3. MachineGames got praises got making Old-school games that didn’t have modern political commentary, and then the franchise moves onto making ‘Co-op shooters’, which were the bane of 2009-2013 game design. Ironically, MachineGames & Bethesda have gone from old-school philosophy to one of THE most abrasive trendy politicking and advertising examples in the business – Double down: Pete Hines has managed to turn belief and good sense, into a slogan campaign to sell product.

    4. Bethesda aren’t well known for having co-op in their game, so will it even work? What is the design of the co-op experience?

    5. Once again, a marketing tease and vapid buzzwords about ‘diversity’ hide the lack of details available, and allow for the minimal amount of information for the most ‘excitement’. It means that a concept is being sold to people who are proponents of ‘diversity’ in gaming, before they even know what game is. All trailer. All talk. No substance.

    6. Neo- Nazis become NEON-Nazis, because somebody thought this was a funny joke at some point… clearly. Because 80s nostalgia?

    1. Henson says:

      I mean, yeah, the trailer was lacking in details about these new characters, so I can see why you see them as cyphers…but is that really any different from most game trailers this far ahead of release? I think we shouldn’t assume the intentions of the developers until we have a lot more information on this project.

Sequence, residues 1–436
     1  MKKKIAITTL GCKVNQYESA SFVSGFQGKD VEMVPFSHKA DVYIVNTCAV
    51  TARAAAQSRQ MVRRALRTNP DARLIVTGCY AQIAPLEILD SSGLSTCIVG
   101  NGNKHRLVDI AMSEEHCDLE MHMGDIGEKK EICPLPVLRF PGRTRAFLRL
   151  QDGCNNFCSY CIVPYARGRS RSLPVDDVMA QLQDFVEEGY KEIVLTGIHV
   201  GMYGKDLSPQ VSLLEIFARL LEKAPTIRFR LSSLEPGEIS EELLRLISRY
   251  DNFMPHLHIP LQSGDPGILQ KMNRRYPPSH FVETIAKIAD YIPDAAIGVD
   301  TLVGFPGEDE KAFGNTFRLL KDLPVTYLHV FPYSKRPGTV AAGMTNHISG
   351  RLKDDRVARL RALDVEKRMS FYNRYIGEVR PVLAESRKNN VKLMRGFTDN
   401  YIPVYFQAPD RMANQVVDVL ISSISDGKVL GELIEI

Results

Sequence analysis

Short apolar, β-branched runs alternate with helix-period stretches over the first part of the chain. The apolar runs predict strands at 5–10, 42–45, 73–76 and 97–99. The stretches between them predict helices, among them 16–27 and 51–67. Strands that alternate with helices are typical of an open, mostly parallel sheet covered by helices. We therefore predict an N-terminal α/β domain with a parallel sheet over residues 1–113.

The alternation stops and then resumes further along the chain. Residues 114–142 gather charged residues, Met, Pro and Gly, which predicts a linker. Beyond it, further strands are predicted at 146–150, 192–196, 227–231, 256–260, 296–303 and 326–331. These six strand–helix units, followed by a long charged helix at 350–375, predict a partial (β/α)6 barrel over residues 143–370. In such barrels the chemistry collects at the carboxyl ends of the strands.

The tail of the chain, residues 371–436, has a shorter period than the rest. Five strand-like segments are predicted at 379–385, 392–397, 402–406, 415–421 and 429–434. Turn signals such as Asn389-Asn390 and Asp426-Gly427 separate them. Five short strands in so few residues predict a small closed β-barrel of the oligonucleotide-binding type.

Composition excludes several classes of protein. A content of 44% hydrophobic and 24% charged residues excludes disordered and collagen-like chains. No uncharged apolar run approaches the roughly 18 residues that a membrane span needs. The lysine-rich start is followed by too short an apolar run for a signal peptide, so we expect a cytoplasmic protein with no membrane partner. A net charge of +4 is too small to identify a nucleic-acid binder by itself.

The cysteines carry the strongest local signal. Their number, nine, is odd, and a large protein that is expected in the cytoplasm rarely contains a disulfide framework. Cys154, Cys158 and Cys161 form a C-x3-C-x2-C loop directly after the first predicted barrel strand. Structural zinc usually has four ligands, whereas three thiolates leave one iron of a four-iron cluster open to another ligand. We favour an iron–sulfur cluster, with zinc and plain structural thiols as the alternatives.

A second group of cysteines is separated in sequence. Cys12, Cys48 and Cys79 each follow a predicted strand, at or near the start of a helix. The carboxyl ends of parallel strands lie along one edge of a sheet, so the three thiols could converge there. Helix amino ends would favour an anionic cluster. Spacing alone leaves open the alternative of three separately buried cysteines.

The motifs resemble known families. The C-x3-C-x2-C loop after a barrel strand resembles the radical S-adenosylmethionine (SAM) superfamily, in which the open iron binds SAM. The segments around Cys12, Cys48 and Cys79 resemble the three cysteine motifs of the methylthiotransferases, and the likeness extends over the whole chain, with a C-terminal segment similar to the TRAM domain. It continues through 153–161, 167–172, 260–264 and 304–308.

2. Olivier FAURE says:

      Do we really have to point it out every single time a publishers makes a point of having diversity / female protagonists?

      This feels like the people who are complaining about new Star Wars movies having too many female protagonists, because every time there’s a female character it’s somehow “pandering” or whatever.

      1. Daimbert says:

        Do we really have to point it out every single time a publishers makes a point of having diversity / female protagonists?

        Well, if they’re making a point of it, then yeah, it’s probably useful to point that out, especially if the characters or work suffer because of that …

        I personally would probably wait until I saw how they worked out or until it was clear that the move made no sense, but since the people supporting those moves don’t usually wait until then it’s not really reasonable for me to complain too much about someone who doesn’t generally like those moves starting early, too.